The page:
- The Washington Times - Monday, March 17, 2008

DEATH VALLEY NATIONAL PARK, Calif. (AP) - Bone-white stretches of salt, leached up from the lifeless soil, lay like a shroud over the high desert where a paranoid Charles Manson holed up after an orgy of murder nearly four decades ago.

Now, as then, few venture into this alkaline wilderness — mostly gold diggers, outlaws, loners content to live and let live.

But a determined group of outsiders recently made the trek. They were leading forensic investigators searching for new evidence of death — clues pointing to possible decades-old clandestine graves.

And the results of just-completed follow-up tests suggest that bodies could indeed be lying beneath the parched ground. The test findings — described in detail to the Associated Press, which accompanied the site search — conclude that there are two likely clandestine grave sites at Barker Ranch, and one additional site that merits further investigation.

Next step, the ad hoc investigators urge: Dig.

For years, rumors have swirled about other possible Manson family victims — hitchhikers who visited them at the ranch and were not seen again, runaways who drifted into the camp then fell out of favor.

The same jailhouse confessions that helped investigators initially connect the band of misfits living in the Panamint Mountains to the gruesome killings that terrorized Los Angeles hinted at other deaths. Manson follower Susan Atkins boasted to her cellmate on Nov. 1, 1969, that there were “three people out in the desert that they done in.” Other stories surfaced. But in the absence of bodies, they were forgotten.

“We prosecuted Manson and the family for all the murders we could prove. But you know, could he have killed someone else? Possibly. Could another member of the family have killed someone? Sure,” said Steve Kay, a former deputy district attorney.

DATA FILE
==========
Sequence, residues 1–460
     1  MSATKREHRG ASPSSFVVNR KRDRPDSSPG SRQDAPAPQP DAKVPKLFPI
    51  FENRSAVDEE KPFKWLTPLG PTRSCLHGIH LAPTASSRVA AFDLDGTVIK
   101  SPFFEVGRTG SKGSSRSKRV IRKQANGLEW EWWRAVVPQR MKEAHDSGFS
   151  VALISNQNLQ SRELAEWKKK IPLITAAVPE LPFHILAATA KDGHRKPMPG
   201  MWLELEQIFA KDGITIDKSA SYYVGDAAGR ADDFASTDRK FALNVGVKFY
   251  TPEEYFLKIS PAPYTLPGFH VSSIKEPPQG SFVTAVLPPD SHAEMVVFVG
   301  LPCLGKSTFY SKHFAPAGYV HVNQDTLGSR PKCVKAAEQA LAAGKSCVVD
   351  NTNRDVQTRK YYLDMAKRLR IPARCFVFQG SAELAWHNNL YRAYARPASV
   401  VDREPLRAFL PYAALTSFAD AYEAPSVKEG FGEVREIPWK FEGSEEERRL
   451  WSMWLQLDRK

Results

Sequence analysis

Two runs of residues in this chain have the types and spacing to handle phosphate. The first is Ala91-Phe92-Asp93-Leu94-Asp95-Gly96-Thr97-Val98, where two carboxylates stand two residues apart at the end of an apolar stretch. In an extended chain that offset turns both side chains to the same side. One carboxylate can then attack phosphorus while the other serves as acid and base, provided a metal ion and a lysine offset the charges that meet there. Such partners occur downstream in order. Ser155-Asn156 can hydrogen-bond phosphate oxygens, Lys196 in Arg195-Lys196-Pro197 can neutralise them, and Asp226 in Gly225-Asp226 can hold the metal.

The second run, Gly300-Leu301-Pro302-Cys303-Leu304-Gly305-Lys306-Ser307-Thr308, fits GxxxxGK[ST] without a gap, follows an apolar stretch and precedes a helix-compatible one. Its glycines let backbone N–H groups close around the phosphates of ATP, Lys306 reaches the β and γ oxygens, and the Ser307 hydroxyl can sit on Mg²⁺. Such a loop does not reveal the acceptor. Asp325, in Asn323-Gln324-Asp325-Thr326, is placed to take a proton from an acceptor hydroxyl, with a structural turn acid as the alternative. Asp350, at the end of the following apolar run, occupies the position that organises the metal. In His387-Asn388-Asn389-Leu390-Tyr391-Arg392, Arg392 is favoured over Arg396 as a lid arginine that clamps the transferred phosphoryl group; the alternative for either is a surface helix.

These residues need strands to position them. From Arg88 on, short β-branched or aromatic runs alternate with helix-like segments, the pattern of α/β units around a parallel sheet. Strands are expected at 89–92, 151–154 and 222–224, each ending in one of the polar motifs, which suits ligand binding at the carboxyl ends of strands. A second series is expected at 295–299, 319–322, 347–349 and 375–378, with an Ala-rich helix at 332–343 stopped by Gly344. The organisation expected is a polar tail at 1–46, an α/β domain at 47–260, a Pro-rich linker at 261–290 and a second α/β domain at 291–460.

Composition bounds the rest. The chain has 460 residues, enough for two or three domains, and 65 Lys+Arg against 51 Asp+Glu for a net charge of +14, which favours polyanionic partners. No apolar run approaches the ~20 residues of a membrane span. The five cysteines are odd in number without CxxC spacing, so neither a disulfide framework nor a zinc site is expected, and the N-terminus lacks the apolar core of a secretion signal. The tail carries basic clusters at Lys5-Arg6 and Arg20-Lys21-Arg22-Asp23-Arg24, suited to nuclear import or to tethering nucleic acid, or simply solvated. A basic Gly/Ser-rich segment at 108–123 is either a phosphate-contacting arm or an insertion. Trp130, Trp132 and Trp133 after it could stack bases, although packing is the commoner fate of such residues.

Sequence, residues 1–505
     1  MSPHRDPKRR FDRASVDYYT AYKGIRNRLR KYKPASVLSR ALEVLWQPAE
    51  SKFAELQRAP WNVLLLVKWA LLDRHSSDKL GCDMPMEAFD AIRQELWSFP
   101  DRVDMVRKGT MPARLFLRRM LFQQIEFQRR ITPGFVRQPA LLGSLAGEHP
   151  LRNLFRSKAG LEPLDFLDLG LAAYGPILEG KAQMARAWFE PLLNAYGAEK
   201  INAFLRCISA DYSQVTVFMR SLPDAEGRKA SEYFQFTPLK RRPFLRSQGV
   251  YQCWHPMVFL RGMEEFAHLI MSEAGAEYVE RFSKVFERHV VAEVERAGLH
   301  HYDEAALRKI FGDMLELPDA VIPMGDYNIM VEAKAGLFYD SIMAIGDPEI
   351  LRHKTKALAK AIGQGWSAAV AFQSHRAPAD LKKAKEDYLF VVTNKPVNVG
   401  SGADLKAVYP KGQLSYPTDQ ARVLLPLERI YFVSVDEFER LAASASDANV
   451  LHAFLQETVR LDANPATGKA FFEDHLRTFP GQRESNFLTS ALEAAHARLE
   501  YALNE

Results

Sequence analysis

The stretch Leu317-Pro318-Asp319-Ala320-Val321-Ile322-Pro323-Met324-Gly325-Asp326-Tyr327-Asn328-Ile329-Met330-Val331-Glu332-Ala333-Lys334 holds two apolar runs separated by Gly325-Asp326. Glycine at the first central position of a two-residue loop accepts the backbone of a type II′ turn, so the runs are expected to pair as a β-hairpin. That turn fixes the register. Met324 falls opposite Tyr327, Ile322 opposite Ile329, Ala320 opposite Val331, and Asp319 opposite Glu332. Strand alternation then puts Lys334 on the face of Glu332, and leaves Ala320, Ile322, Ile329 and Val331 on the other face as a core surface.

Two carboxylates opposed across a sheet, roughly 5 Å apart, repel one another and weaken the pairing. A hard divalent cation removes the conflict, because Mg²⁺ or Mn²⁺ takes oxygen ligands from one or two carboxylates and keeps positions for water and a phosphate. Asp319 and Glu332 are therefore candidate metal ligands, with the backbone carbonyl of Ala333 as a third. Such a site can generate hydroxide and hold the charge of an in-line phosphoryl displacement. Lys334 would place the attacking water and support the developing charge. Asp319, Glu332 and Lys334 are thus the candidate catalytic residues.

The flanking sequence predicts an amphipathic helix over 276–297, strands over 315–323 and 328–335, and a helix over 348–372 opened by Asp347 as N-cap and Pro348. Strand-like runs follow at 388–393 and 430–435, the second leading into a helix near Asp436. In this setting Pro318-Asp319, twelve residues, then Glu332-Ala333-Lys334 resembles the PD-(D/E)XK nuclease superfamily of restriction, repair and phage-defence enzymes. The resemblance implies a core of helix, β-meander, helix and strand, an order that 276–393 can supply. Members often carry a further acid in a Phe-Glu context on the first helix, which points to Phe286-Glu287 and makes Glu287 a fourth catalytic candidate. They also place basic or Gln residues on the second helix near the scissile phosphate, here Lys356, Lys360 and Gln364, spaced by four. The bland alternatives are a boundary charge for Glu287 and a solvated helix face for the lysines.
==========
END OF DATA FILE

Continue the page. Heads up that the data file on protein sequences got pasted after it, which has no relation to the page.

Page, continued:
Last month, equipped with cutting-edge forensic technology, the investigators assembled in the ghost town of Ballarat for a 20-mile ride in all-terrain vehicles to the ranch.

The team included two national lab researchers carrying instruments to detect chemical markers of human decomposition, a police investigator with a cadaver-seeking dog, and an anthropologist armed with a magnetic resonance reader.

Also in the group were Debra Tate, whose life was forever marked by the cult’s brutal murder of her pregnant sister, actress Sharon Tate; and a gold prospector who was once Manson’s closest neighbor and remains intimate with the sharp creases of the Panamints.

Prospector Emmett Harder guided the expedition.

He had a claim on Manley peak, one of the jagged points looming over Barker Ranch, while the Manson family camped out there in the late 1960s. During one of these visits, he heard Manson say, “We’re not hippies; we’re here to get away from the troubles of the world.”

Later, Mr. Harder would learn more about the cult leader’s belief that the end of the world, which he called “Helter Skelter,” was near — and Manson’s conviction that through murder, he had a role to play in accelerating that chaotic time.

For the last few miles of the rugged gravel road from Ballarat, the route tilts sharply upward as it enters narrow Goler Wash.

“The family’s plan was to make this impassable — you can see how you could do that here,” said Sgt. Paul Dostie, a police detective and dog handler from the town of Mammoth Lakes, pointing to the boulders that protrude like bones from the canyon walls.

Barker Ranch was one of several hide-outs used by Manson and his followers.

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